Seeing the world differently

RAW Image

Color development

B&W development

As I learn photography one great opportunity is to go out with another photographer and sort of look over their shoulder to see what they are seeing.  It’s great to explore different compositions, exposures, and also what other people are not looking at through their viewfinders.  But of course, this is just part of the total process because you have to get the image out of the camera and into a form that you want, be it film or digital.  For the latter, the options are broad, even with something basic as “do I portray this in color or black-and-white?”  This seemingly simple decision, which fork in the road to take, leads the photographer into a web of further choices all designed as tools to “develop” the image into a desired final form.

The continual lesson of photography is intention – the photographer intends to act in a certain way in order to get a final image that closely matches their vision for the scene.  The multiple tools can be frustrating without this intention, a seemingly unlimited and endless array of means leading to an infinite number of outcomes.  The photographer has to bring order to this through choices, some before the shutter is clicked and some during the development process.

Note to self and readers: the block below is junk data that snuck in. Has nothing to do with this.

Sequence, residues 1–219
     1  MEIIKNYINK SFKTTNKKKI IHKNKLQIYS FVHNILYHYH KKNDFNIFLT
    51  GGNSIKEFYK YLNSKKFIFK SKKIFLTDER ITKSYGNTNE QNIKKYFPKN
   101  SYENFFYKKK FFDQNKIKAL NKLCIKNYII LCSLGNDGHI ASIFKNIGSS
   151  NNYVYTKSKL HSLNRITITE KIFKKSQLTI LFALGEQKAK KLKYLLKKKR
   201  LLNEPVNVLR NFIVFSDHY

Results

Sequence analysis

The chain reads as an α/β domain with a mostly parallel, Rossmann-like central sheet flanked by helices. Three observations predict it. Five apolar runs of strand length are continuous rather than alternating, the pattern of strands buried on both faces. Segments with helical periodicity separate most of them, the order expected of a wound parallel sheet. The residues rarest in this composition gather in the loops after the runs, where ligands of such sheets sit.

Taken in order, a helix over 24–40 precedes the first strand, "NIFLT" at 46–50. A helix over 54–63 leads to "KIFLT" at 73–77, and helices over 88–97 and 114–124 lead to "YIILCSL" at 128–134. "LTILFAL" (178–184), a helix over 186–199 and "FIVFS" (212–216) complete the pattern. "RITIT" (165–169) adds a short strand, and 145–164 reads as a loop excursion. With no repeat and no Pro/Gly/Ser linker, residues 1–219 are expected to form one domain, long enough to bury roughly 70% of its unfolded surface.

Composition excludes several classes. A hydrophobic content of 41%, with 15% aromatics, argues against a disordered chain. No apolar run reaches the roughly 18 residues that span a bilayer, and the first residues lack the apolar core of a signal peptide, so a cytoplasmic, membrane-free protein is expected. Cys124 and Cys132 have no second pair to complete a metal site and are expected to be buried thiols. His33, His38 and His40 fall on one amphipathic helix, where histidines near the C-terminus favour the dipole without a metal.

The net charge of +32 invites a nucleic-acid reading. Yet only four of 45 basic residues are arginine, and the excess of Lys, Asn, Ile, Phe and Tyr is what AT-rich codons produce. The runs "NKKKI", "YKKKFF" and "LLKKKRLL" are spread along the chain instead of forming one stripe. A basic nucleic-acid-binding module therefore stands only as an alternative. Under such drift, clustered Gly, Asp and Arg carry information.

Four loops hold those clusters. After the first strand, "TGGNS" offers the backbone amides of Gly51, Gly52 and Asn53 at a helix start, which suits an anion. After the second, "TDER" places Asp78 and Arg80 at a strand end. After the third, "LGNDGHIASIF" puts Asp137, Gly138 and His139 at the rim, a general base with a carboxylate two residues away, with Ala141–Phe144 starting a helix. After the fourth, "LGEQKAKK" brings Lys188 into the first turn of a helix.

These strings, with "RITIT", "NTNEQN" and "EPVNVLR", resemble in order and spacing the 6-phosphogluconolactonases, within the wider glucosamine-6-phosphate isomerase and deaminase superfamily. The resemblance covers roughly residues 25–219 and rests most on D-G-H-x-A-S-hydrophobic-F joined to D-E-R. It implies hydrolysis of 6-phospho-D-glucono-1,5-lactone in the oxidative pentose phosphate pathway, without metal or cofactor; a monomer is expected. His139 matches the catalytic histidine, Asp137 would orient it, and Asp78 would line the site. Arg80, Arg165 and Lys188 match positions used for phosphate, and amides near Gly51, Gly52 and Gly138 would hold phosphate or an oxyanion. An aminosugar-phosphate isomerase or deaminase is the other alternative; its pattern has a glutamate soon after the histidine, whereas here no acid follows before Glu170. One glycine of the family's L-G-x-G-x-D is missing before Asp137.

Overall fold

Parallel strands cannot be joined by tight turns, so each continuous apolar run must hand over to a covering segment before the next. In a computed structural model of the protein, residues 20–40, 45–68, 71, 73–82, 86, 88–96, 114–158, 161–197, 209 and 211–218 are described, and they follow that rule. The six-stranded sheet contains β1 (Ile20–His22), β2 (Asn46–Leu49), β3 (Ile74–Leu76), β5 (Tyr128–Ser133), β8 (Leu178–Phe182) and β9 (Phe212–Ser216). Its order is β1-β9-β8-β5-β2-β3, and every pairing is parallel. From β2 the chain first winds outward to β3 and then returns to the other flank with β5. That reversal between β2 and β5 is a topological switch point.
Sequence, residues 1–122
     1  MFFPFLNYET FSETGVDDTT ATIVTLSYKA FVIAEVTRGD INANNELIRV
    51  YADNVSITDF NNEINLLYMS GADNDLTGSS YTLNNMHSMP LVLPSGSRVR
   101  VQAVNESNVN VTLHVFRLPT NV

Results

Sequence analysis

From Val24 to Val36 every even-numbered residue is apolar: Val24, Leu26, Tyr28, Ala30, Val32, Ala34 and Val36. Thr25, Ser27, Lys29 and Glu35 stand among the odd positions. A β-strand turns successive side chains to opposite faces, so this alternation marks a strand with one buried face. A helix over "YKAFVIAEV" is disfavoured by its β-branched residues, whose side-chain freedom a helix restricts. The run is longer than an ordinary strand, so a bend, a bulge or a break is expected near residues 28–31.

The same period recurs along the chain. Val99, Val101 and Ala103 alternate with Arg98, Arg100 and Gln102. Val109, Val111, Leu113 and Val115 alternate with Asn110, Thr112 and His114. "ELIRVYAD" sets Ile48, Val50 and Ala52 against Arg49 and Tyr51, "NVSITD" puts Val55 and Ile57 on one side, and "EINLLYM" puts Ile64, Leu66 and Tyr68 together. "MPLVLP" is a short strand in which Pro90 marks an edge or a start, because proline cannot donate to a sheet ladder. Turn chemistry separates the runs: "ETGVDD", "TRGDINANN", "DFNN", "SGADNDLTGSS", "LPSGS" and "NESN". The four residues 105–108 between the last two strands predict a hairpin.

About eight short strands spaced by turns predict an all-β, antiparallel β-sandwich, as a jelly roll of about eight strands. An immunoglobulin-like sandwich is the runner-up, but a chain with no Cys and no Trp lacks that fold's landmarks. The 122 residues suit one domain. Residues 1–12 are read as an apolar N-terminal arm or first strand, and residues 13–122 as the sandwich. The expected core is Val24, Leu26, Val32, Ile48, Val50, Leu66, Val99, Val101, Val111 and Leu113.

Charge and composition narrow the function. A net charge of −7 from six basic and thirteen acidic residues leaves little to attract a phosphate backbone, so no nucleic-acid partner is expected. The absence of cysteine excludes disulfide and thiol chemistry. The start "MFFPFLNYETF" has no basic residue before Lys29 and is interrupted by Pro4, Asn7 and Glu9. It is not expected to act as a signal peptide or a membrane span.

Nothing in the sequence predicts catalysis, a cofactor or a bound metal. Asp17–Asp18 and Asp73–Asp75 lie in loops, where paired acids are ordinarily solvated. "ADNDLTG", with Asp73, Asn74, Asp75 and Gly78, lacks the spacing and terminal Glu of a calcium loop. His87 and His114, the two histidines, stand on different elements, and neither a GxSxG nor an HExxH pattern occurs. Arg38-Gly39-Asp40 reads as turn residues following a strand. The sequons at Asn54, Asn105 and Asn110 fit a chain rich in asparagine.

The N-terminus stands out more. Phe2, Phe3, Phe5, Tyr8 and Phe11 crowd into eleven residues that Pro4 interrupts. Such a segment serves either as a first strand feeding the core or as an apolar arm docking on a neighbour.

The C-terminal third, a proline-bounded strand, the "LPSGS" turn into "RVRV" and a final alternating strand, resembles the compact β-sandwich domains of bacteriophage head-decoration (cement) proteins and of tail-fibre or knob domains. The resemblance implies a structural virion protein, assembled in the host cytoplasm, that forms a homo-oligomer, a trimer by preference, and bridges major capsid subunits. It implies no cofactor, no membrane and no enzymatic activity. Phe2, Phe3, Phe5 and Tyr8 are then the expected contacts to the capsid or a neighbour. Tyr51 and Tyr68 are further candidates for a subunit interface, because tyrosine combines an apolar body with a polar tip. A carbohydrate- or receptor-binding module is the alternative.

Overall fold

Because I’m still learning, it’s great to see how other photographers handle their decisions.  Last week I was out shooting with a classmate from school this summer and today he sent me some of his images from that day.  One decision he made for a scene was to convert it to black-and-white, resulting in a great looking image.  What surprised me was that I had basically deleted this option in my mind because I was concerned about the colors and contrasts.  By reminding me of this simple option, my classmate reminded me to consider all the options first, then act down the path that best leads to my intention.

Above is the scene I chose to work on in this fashion – same image showing the RAW, color developed and B&W developed versions.  Amazing how the different approaches lead to different emotions about the same scene.

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